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10 Great Moleskine Hacks

10 Great Moleskine Hacks

In honor of Lifehack’s partnership with Moleskine, I’ve decided to post all Moleskine-related posts this week. Today, I’ll describe 10 cool ways to get a little more out of your Moleskine. While most of these hacks are aimed at the pocket-sized, hardbound Moleskine (what I think of as the “traditional” Moleskine), they can easily be adapted to the medium and large-sized notebooks as well.

So, without any further ado, here they are: 10 great Moleskine hacks!

1. Divide sections with tabs.

Perhaps the most useful product to complement your Moleskine – besides a fine pen, of course – is the Post-It divider tab. Usually sold in sets of three colors – often with funky patterns – these dividers can be used to create sections in your Moleskine, giving you easily-accessible spaces for several separate uses.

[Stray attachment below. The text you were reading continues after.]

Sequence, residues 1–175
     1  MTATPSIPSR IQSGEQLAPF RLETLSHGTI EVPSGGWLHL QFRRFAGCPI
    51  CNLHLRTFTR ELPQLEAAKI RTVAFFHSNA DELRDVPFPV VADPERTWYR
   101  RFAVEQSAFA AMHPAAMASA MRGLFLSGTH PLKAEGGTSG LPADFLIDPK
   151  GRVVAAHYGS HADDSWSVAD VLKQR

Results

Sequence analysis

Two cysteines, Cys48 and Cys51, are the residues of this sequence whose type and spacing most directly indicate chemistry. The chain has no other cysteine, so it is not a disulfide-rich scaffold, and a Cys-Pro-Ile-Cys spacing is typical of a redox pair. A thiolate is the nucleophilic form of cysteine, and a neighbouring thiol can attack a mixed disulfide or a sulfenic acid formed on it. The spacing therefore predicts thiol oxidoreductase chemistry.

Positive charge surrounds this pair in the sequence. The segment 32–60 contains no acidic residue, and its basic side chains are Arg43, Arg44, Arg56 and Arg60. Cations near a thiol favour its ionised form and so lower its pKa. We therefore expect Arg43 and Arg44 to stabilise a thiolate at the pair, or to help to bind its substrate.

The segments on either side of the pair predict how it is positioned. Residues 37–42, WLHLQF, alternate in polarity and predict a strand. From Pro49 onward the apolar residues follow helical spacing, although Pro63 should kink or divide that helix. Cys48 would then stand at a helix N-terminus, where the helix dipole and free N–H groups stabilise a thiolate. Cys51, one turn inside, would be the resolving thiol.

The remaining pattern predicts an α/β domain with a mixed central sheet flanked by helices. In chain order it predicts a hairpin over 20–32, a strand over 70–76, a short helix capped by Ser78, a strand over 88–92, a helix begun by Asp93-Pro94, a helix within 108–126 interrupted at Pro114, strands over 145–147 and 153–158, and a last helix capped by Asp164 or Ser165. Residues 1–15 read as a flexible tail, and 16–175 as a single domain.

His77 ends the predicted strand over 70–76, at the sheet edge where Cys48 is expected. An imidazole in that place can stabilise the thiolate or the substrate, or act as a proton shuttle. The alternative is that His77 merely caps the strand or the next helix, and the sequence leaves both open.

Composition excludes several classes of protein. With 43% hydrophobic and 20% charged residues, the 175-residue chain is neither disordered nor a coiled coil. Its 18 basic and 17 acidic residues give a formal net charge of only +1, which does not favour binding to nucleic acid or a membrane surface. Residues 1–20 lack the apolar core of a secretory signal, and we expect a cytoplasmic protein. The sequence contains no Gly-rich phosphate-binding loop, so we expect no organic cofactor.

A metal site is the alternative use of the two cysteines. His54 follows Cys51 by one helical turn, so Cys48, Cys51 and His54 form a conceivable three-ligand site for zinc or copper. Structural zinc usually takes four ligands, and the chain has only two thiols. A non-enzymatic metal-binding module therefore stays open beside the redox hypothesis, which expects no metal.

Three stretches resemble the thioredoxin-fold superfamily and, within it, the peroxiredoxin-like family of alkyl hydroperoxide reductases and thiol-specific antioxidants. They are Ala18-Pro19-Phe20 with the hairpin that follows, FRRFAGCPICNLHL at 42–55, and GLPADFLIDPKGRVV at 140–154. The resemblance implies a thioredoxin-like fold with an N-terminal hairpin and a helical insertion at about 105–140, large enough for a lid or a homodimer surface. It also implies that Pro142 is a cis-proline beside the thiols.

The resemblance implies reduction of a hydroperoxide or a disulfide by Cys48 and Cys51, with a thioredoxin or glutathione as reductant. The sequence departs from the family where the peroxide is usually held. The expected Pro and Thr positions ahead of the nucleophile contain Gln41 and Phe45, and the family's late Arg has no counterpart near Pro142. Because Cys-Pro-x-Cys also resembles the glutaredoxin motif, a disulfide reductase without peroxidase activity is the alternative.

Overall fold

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The very first thing I do when I get a new Moleskine is add some dividers. My standard Moleskine setup has three sections: “Tasks” up front, a small “Projects” section in the middle, and “Notes” for the last 1/2 to 1/2 of the pages. But you can divide your Moleskine up however you like – maybe you want a “Reference” section for often-used information, or a “Books” section to record books you’d like to check out next time you’re at the library or bookstore. These tabs are a great way to instantly customize your Moleskine to your exact needs.

2. Work back-to-front.